Between the ages of 17 and 22, I took a lot of selfies. Hundreds. Probably thousands, although a mere few hundred ended up online. How very restrained I was. (Of course, they weren't called selfies then, and all this was fields.)

Why was I so obsessed with my own image, and with other people's reactions to me? I've given a lot of thought to this, because that is the kind of person I am. I do very normal things, then give a lot of thought to them, as if that somehow makes them worthy and important.

Many would say that it was vanity; the more perspicacious might say it was insecurity. I think it was both and more. I think that those years, late teenage and early twenties, mark the baffling, peculiar, and mercurial stage in which one looks like a different person every day.

This is undoubtedly true of one's childhood, too, but now the world is treating you like an adult. Suddenly you're considered ready for responsibility, for attention, for catcalls and compliments. When two different strangers can, within the same week, shout that you're ugly and beautiful respectively, we should not be surprised that people want to know what's happening that could provoke these responses.

So, we document. We try new hairstyles, new outfits, new angles; but instead of waiting for the opinion of a random on the street, we put them online and mentally chart the likes.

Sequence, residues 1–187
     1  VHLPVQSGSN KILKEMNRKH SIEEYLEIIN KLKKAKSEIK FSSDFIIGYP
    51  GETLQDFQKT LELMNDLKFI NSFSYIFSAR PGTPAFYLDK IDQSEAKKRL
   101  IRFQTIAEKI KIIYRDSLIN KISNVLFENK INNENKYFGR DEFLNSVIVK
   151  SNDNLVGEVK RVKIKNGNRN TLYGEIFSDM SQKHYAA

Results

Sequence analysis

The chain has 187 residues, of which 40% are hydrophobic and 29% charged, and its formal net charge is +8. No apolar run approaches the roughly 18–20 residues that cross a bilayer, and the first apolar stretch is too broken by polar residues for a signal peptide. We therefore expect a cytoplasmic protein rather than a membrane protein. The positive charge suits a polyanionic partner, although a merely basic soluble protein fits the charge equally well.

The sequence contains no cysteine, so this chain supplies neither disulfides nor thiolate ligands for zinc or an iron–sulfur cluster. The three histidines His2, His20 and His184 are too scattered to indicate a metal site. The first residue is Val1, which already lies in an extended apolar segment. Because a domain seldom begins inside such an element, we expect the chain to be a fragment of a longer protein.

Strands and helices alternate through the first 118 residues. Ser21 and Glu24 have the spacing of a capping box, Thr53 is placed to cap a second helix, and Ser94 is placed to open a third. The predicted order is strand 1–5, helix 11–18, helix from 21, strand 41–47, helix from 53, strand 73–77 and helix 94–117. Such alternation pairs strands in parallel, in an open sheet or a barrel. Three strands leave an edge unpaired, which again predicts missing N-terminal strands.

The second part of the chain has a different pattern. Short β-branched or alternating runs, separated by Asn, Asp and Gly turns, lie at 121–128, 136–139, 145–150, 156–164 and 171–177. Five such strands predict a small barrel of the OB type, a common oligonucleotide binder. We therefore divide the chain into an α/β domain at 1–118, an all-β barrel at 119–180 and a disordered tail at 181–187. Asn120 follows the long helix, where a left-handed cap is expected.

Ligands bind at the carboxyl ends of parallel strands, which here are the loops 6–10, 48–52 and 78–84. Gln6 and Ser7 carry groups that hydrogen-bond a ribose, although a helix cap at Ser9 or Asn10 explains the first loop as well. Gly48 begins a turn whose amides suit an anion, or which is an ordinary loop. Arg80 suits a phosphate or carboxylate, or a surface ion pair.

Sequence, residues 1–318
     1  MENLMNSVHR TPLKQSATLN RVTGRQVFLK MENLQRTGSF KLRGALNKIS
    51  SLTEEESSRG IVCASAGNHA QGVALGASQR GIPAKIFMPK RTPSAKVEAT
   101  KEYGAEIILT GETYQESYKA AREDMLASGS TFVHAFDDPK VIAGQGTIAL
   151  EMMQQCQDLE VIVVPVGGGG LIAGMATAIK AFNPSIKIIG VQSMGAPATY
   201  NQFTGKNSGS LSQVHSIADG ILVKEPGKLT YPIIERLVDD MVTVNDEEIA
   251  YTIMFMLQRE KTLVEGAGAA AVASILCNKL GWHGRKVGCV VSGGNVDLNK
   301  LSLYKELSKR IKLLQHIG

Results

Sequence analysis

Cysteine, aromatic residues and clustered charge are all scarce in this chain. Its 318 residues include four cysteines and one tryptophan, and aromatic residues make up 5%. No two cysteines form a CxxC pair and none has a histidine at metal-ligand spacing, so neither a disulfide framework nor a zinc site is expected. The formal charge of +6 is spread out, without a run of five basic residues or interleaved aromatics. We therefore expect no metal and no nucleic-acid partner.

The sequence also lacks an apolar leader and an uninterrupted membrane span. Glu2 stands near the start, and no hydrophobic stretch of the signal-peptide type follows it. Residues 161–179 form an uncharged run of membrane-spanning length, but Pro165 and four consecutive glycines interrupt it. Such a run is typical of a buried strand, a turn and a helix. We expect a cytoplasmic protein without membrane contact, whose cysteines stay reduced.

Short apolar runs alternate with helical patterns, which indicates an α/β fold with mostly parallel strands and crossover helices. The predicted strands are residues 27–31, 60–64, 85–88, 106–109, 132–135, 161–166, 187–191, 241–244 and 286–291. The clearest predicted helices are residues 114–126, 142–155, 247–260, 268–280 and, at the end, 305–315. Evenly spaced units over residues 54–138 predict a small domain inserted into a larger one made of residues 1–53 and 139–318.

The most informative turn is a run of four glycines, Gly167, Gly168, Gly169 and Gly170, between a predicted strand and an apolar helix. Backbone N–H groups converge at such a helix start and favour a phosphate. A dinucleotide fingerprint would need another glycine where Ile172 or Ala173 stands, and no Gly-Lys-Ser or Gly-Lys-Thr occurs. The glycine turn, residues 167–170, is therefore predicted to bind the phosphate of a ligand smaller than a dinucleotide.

My peak of selfie-taking was probably age 19. My life got suddenly fuller, days packed with new experiences, and I never felt the same from one week to another. This was reflected, it seemed, in my reflection itself. Every time I got the camera out, I found that I looked less or more grown up than I expected, sometimes slimmer, sometimes lonelier, sometimes happier. I was in a long-distance relationship, which provided the perfect incentive (alibi?) to send photographs, and every one was a surprise to me as much as my intended. I was an adult now, who knew?

And why was it that I never saw what I expected? What is the strange dance we do with our self-esteem that prevents us from getting a reliable read on how attractive we are? (That's a whole 'nother blog post, I suspect.)

I still look like a different woman every day, but as the woman in question is merely getting older and fatter, I forgo the photos. That era has passed, for me. I'm done taking selfies. I don't see that changing, as I don't want to see myself changing any more. Maybe one day I'll be glad to have these to look back on, but they're not exactly things to show the hypothetical grandkids, are they?